Source 1 : Mao Zedong (1927) ‘Report on an investigation of the peasant movement in Hunan’

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Title

Source 1 : Mao Zedong (1927) ‘Report on an investigation of the peasant movement in Hunan’

Subject

This was Mao Zedong’s first work to specifically tackle inequality in China’s rural areas and advocate for an agrarian revolution.

Description

HITTING THE LANDLORDS POLITICALLY
Once the peasants have their organization, the first thing they do is to smash the political prestige and power of the landlord class, and especially of the local tyrants and evil gentry, that is, to pull down landlord authority and build up peasant authority in rural society. This is a most serious and vital struggle. It is the pivotal struggle in the second period, the period of revolutionary action. Without victory in this struggle, no victory is possible in the economic struggle to reduce rent and interest, to secure land and other means of production, and so on.

Checking the accounts. More often than not the local tyrants and evil gentry have helped themselves to public money passing through their hands, and their books are not in order. Now the peasants are using the checking of accounts as an occasion to bring down a great many of the local tyrants and evil gentry. In many places committees for checking accounts have been established for the express purpose of settling financial scores with them, and the first sign of such a committee makes them shudder.
Imposing fines. The peasants work out fines for such offences as irregularities revealed by the checking of accounts, past outrages against the peasants, current activities which undermine the peasant associations, violations of the ban on gambling and refusal to surrender opium pipes. This local tyrant must pay so much, that member of the evil gentry so much, the sums ranging from tens to thousands of yuan. Naturally, a man who has been fined by the peasants completely loses face.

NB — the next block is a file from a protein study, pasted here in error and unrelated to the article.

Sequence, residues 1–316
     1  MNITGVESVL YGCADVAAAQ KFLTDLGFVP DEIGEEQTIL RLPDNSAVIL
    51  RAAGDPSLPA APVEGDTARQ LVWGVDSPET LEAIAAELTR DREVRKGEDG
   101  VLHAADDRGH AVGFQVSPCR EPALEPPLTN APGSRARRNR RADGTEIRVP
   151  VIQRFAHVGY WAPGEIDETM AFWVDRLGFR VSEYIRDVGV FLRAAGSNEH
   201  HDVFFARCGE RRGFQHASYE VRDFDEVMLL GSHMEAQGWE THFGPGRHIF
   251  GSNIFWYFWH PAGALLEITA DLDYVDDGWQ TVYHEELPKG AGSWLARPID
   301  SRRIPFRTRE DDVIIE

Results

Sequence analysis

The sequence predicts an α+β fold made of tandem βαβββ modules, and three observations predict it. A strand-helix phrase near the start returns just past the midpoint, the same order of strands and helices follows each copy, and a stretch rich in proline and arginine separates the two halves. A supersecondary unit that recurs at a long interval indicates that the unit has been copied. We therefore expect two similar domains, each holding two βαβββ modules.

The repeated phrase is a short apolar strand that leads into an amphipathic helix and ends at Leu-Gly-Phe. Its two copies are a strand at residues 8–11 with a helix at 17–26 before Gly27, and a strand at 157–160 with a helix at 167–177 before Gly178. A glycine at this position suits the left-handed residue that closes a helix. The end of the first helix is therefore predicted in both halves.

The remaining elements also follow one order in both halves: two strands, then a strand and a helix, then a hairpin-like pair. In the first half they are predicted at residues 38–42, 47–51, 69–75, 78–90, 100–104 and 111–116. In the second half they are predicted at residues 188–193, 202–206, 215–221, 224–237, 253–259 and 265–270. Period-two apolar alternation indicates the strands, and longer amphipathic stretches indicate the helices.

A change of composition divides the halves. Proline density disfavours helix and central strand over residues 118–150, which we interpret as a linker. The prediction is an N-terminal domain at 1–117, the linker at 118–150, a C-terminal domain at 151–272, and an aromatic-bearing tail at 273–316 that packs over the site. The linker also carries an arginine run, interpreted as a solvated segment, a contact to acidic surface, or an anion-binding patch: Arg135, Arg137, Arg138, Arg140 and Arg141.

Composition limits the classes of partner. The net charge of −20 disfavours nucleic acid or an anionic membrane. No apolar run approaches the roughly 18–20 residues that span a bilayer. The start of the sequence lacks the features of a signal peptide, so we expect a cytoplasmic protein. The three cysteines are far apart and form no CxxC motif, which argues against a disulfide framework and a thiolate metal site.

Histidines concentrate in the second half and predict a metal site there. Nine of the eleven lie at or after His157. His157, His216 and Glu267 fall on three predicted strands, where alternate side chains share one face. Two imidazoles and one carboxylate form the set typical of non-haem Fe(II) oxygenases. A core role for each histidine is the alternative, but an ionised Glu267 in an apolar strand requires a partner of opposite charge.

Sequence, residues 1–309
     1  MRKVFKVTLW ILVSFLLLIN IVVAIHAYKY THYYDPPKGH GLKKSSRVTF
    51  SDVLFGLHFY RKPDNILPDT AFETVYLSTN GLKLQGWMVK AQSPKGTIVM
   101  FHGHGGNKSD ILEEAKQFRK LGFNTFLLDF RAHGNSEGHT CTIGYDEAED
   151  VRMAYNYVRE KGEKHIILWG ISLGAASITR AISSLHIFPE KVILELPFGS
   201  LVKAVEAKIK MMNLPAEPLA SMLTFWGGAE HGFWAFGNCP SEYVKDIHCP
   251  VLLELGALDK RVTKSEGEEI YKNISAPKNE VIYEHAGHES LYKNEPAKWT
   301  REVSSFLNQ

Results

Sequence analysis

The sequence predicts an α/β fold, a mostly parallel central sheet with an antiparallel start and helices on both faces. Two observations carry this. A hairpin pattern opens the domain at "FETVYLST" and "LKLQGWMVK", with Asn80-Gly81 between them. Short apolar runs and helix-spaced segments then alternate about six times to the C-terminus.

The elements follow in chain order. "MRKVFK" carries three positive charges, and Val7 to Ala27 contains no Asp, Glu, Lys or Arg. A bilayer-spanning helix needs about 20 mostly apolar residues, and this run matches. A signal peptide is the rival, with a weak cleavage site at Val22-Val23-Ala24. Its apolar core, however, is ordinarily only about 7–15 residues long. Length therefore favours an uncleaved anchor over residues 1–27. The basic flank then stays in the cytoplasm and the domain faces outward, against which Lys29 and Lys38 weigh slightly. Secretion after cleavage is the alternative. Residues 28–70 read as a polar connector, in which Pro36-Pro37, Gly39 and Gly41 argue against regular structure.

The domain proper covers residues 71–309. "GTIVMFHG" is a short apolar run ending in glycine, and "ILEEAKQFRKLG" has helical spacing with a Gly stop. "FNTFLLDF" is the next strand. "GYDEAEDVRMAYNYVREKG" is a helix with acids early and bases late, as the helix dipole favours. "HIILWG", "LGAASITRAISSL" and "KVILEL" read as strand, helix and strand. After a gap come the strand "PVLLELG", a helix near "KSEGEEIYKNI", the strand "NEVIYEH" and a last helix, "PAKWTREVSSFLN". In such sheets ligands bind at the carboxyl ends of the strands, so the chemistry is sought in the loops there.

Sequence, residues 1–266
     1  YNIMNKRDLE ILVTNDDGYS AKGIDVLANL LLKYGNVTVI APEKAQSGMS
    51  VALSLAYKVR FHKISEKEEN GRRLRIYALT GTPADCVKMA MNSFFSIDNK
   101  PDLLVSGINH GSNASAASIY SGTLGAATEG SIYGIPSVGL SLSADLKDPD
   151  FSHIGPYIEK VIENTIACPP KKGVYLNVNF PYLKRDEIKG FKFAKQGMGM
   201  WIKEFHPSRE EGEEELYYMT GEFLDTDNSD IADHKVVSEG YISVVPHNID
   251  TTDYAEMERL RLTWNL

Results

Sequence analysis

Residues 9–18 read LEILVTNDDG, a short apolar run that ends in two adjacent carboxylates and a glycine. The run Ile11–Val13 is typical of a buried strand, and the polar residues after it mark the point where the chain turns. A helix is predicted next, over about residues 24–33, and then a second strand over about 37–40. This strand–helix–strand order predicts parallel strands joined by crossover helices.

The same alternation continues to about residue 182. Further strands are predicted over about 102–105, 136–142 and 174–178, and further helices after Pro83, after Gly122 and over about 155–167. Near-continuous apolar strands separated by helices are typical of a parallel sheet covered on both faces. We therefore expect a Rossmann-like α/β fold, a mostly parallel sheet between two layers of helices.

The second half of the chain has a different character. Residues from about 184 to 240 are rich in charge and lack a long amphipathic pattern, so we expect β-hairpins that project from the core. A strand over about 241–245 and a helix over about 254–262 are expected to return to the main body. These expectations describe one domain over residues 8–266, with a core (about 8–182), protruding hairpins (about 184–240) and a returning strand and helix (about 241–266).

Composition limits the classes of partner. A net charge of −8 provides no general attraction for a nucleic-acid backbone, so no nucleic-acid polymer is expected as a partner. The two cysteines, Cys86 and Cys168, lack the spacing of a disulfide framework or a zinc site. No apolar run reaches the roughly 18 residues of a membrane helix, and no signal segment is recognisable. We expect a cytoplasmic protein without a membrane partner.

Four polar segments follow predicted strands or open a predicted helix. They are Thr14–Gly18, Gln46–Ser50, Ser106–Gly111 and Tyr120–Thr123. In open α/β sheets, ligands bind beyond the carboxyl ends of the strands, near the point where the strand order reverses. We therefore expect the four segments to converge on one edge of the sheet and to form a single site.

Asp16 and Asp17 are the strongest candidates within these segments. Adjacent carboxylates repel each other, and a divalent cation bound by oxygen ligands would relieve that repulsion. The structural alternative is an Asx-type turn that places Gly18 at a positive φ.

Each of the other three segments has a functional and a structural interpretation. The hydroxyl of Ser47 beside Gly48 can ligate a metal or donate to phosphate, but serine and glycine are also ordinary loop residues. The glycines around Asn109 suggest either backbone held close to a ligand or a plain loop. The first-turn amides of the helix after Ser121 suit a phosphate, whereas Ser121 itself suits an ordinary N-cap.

Levying contributions. The unscrupulous rich landlords are made to contribute for poor relief, for the organization of co-operatives or peasant credit societies, or for other purposes. Though milder than fines, these contributions are also a form of punishment. To avoid trouble, quite a number of landlords make voluntary contributions to the peasant associations.

Minor protests. When someone harms a peasant association by word or deed and the offence is a minor one, the peasants collect in a crowd and swarm into the offender's house to remonstrate with him. He is usually let off after writing a pledge to "cease and desist", in which he explicitly undertakes to stop defaming the peasant association in the future.

Major demonstrations. A big crowd is rallied to demonstrate against a local tyrant or one of the evil gentry who is an enemy of the association. The demonstrators eat at the offender's house, slaughtering his pigs and consuming his grain as a matter of course. Quite a few such cases have occurred. There was a case recently at Machiaho, Hsiangtan County, where a crowd of fifteen thousand peasants went to the houses of six of the evil gentry and demonstrated; the whole affair lasted four days during which more than 130 pigs were killed and eaten. After such demonstrations, the peasants usually impose fines.